singapore golden ale
No questions asked! Our resident Brewmaster’s modern take on the Golden Ale is hands down the hot favourite here! Refreshing like a lager, aromatic like a hopped ale yet low in bitterness with a light zesty twist at the end. The Singapore Golden Ale is brewed to suit Asians’ palate and specially crafted with Singapore’s all-year round summer in mind. Flavour: Refreshing crisp, aromatic with melon note, light fruitiness and zesty.
Weissbier is the German word for ‘White Beer’. In the early 16th century, wheat was easily obtained from the Bavarian forests. The Bavarians fully utilised the same wheat to make beer by replacing a significant proportion of malted barley with wheat. A special strain of yeast is used to produce an overtone of banana as by-product during the fermentation. Flavour: Has a fuller mouthfeel, sweet with banana note
It was a name given to a strong pale ale from Edinburgh back in the 19th century. As it became regionalised later, this Scotland strong pale ale became known as the ‘Scotch Ale’. Not to be confused with Scottish Ale, Scotch Ale is the meatier brother which carries more weight in flavour! Sweet, maltier and hoppier! Also known as ‘Wee Heavy’, The Pump Room’s Scotch Ale is fuller-bodied with a sweet caramel character and a creamy finish. Flavour: Medium bodied, sweet caramel character and malty.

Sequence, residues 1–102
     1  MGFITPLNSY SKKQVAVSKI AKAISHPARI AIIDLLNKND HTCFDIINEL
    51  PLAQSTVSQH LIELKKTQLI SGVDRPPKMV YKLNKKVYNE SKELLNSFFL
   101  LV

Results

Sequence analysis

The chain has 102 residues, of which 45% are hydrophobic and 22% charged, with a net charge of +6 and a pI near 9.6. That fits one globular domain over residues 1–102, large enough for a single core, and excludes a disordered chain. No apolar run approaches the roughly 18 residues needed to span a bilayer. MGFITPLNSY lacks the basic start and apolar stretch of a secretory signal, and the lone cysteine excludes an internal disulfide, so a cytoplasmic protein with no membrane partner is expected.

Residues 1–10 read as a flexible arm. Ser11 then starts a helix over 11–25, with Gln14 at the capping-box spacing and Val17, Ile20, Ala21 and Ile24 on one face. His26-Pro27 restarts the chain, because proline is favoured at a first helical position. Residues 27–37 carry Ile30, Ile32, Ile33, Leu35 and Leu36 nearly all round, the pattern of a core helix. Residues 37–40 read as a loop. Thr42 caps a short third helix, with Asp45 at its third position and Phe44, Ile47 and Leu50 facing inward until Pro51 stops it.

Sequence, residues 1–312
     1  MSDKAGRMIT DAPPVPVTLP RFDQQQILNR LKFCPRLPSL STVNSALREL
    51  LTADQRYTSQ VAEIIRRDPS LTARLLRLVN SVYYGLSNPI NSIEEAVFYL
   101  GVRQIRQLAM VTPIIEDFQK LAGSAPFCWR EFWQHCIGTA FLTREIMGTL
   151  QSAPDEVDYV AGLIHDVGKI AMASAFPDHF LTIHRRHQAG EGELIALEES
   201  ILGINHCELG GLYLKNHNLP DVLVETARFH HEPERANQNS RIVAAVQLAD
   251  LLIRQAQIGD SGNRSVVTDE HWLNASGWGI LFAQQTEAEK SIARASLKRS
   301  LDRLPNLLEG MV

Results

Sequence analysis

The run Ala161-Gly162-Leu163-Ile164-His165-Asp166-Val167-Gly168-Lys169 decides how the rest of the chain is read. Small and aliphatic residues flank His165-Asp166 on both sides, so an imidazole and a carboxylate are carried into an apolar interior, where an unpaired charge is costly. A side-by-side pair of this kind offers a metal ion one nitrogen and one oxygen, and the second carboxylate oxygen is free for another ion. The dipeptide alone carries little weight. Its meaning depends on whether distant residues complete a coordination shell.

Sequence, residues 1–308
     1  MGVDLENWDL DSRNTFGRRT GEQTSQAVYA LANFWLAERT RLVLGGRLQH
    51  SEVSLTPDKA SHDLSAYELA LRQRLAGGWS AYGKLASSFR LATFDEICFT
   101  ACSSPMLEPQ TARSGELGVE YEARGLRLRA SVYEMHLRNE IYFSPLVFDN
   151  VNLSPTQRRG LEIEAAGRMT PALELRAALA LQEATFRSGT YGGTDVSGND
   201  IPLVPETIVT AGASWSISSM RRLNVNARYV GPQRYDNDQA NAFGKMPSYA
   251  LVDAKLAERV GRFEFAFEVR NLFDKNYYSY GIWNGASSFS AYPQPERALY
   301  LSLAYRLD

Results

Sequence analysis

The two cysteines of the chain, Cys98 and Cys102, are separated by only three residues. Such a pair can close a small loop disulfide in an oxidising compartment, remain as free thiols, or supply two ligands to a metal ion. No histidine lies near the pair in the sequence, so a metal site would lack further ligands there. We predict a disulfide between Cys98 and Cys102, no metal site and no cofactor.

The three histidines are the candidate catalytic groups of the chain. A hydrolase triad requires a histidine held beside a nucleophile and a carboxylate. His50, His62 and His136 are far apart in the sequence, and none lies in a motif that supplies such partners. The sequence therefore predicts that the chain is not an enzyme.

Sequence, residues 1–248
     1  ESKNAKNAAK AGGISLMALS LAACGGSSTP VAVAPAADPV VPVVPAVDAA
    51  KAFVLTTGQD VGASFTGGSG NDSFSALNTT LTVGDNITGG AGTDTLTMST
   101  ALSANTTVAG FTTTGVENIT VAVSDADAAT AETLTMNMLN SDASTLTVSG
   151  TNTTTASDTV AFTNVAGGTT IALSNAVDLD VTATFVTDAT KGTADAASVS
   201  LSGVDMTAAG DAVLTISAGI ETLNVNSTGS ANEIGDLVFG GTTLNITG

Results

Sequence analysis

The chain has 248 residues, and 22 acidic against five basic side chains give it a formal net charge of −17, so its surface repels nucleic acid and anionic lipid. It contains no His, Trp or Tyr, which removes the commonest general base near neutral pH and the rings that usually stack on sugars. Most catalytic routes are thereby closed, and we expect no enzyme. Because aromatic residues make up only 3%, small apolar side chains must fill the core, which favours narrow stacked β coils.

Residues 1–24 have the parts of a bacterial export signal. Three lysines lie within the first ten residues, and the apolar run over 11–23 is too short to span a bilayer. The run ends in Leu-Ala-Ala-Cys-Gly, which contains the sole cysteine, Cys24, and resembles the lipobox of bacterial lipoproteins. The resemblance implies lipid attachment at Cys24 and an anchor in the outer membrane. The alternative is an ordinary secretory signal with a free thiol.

Munich lager (helles)
In the mid 19th century when the popularity of Bohemia Pilsner spread across Europe, München brewers responded with their version of lager to meet the demand in 1894. The bright yellow colour of the lager earns its name ‘Helles’ which means ‘bright’ in German. Flavour: Tastes like biscuit malt, slightly more malty than Pilsner. The hops profile is a little more subdued to balance with the malts.
Because of its simplicity and how the top fermenting yeast does not require cooling technology, the English Pale Ale was considered the “most homebrewed beer” in the 17th century. It rose in popularity and became the 19th century’s most popular beer in U.K. just like the lager in Europe. Flavour: Light bodied, fruity with a moderate hops profile.
Porter derived its name from the occupation of the manual labourers who drank this thirst-quenching beer for its liquid calories after a hard day’s work back in the 18th century. Like the true working-class hero, Porter was popular among the street and river porters – an important role in the early days of London.